Sulawesi’s (former Celebes) colourful history
is the story of spices and foreign merchants of mariners and sultans and of
foreign power wresting control of the spice trade. Much of South Sulawesi's
early history was written in old texts that can be traced back to the 13th
and 14th centuries.
When the Portuguese, the first western visitors,
reached Sulawesi in 1511, they found Makassar a thriving cosmopolitan
entre-port where Chinese, Arabs, Indians, Siamese, Javanese, and Malays came
to trade their manufactured metal goods and fine textiles for precious
pearls, gold, copper, camphor and, of course, the invaluable spices - nutmeg,
cloves and mace which were brought from the interior and from the
neighbouring Spice Islands, the present day Moluccas.
By the 16th century, Makassar had become Sulawesi's
major port and centre of the powerful Gowa and Tallo sultanates which between
them had a series of 11 fortresses and strongholds and a fortified sea wall
which extended along the coast. The arrival of the Dutch in the early 17th
century, altered events dramatically. Their first objective was to create a
hegemony over the spice trade and their first move was, with the help of
Arung Palakka, the king of Bone, to capture the fort of Makassar in 1667,
which they rebuilt and renamed Fort Rotterdam. From this base they managed to
destroy the strongholds of the Sultan of Gowa who was then forced to live on
the outskirts of Makassar.
The character of this old trading centre changed as
a walled city known as Vlaardingen (today’s Palandingan) grew, the place where the
Europeans and the Chinese lived and where slaves were at the bidding of the
imposing foreigners. Gradually, in defiance of the Dutch, the Arabs, Malays and Bugis returned
to trade outside the grim fortress walls and later also the Chinese.
The town again became a collecting point for the
produce of eastern Indonesia - the copra, rattan, pearls, trepang and
sandalwood and the famous oil made from bado nuts used in Europe as men's
hair dressing - hence the anti-macassars (embroidered cloths placed at head
rests of upholstered chairs).
Although the Dutch controlled the coast, it was not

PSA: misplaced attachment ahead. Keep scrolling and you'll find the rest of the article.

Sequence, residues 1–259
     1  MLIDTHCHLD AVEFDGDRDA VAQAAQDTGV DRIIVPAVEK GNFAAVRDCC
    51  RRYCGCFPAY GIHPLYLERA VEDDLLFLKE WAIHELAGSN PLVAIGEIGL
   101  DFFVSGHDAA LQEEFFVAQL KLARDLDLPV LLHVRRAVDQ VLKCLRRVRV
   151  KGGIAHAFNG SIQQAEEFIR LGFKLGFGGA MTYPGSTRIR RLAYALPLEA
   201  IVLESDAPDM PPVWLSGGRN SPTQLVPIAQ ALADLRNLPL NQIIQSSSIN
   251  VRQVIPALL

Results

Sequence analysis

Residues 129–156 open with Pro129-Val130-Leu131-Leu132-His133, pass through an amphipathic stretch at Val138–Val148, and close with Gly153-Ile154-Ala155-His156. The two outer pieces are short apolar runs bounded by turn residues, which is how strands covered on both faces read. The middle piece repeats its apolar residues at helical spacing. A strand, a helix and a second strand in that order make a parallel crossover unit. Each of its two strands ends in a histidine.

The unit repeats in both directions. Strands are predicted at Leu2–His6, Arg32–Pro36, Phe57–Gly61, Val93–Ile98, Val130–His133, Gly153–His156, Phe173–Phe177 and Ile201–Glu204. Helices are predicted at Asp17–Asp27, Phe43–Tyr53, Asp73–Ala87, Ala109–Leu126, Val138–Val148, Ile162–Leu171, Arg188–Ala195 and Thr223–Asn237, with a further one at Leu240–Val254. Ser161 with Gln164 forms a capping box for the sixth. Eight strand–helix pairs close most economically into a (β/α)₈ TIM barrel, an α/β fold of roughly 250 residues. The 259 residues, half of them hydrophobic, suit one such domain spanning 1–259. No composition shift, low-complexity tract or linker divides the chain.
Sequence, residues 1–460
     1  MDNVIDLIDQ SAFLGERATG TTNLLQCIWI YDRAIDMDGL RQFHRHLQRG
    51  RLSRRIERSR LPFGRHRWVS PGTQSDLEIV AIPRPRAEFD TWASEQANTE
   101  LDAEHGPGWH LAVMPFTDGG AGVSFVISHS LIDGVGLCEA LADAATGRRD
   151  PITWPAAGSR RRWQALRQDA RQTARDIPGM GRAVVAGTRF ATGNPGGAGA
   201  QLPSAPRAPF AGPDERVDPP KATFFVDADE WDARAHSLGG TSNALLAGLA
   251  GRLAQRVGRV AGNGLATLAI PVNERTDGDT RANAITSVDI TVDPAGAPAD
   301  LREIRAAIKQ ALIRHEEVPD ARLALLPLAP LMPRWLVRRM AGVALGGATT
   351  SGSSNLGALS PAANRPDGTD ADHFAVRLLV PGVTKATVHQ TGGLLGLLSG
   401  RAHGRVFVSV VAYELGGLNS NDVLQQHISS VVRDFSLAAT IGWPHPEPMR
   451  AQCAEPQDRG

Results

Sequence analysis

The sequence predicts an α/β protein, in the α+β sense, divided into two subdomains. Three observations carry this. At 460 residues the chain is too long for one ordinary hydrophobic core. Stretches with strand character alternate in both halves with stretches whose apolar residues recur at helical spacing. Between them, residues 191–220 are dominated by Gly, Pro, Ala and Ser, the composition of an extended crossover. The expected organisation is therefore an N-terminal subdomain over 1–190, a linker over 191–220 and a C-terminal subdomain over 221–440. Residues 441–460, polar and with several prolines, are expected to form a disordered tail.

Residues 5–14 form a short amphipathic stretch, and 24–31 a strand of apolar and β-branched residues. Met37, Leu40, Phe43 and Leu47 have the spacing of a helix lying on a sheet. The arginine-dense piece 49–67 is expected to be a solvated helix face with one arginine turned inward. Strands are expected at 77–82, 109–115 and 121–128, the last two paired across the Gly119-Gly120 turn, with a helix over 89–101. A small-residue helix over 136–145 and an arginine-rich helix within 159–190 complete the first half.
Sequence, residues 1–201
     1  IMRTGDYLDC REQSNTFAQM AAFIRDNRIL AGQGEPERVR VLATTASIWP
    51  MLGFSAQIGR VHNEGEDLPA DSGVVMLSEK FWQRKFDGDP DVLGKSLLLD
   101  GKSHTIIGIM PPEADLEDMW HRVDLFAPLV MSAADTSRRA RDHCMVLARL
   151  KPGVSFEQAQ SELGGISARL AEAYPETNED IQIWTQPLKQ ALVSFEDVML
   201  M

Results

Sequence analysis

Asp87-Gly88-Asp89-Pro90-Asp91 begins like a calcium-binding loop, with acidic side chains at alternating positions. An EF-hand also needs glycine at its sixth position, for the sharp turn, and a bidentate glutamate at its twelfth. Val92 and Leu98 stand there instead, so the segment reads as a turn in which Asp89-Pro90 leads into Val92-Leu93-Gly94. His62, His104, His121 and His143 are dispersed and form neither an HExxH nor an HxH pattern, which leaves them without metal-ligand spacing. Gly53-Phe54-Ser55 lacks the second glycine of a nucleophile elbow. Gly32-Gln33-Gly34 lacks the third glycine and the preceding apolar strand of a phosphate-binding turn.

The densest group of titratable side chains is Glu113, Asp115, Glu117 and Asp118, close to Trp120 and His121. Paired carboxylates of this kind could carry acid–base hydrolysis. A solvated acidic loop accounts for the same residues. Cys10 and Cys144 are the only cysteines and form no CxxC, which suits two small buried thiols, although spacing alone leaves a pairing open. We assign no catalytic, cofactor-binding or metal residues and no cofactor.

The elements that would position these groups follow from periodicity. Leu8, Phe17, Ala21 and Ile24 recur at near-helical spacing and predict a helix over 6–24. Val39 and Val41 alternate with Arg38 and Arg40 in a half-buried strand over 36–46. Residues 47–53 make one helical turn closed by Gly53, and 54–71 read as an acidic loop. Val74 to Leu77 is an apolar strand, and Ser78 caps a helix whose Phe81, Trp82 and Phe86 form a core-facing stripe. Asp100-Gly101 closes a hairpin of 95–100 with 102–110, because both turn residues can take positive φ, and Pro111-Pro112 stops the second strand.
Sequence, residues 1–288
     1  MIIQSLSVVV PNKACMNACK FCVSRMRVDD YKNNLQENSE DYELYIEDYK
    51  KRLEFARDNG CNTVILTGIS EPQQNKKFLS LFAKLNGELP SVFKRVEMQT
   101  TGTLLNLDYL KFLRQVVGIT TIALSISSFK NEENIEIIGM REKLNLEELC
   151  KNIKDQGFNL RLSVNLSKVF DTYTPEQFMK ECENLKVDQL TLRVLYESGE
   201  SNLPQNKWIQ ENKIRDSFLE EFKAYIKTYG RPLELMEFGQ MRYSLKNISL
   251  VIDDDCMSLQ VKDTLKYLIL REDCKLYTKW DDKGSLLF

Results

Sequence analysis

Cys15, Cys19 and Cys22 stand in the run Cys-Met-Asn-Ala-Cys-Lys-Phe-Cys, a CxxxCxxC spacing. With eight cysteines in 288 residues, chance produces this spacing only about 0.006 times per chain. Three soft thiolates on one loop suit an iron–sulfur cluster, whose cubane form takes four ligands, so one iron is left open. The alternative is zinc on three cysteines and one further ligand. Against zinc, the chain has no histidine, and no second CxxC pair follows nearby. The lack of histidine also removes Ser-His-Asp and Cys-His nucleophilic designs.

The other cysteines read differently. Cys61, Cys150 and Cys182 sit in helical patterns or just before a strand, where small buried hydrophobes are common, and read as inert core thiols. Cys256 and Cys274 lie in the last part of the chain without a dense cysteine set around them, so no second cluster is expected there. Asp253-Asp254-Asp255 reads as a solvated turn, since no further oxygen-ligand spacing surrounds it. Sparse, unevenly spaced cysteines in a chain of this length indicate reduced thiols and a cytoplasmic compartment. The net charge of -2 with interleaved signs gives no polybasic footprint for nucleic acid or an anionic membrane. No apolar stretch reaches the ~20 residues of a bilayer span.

until the early 20th century that they gained power over the interior of the
south through a series of treaties with local rulers.
Arms of the City of
Coll. K.I.T. Amsterdam
Arms: Or, a fructed coconut-tree, pierced by a
sword per bend sinister all proper.
Crown: A mural crown of five towers.
Supporters: Two deer proper standing
on a branch of a tangkala-tree Vert.
It is asumed that the arms date from 1667:
“These arms are
carved in stone above one of the city-gates. It was granted to the city by
Speelman in 1667 and is a striking example of the resolute character of
our ancestors whose heroic deeds rightly inspire our admiratition.
Above these arms
the date 1708 is carved.
This date, which is also carved on the other
city gates together with the arms of
Speelman and the V.O.C., apparently is the date on which the city
of Vlaardingen, the capital of the Makassar Government, has been build.
The sword is explained as follows:
“.....it was on the
occasion of this victory, that the proud and stout admiral at Mariso, in the
presence of the victorious allies and of humiliated enemies, pulled his
strong sword and trusted it with one blow through a coconut palmtree and
cried: As actually my arm is strong enough to pierce this trunk, the Dutch
people will always be found capable to control the Makassar people and punish
every act of treason.” 
The arms are derived from the arms of Jan Pietersz. Coen,
the first Governor of Batavia (1619-’23) who bore:
Arms: Or [Azure], a palmtree fructed proper.
Crest: On a helmet lambrequined of the colors the
palmtree of the arms.
Such a derivation was also granted to the city of
The achievement granted in 1931 is slightly
Arms of the City of Makassar, 1931
Arms: Or, a fructed coconut-tree, pierced by a
sword per bend all proper.
Crown: A crown of three leaves and two pearls being
the crown of a count.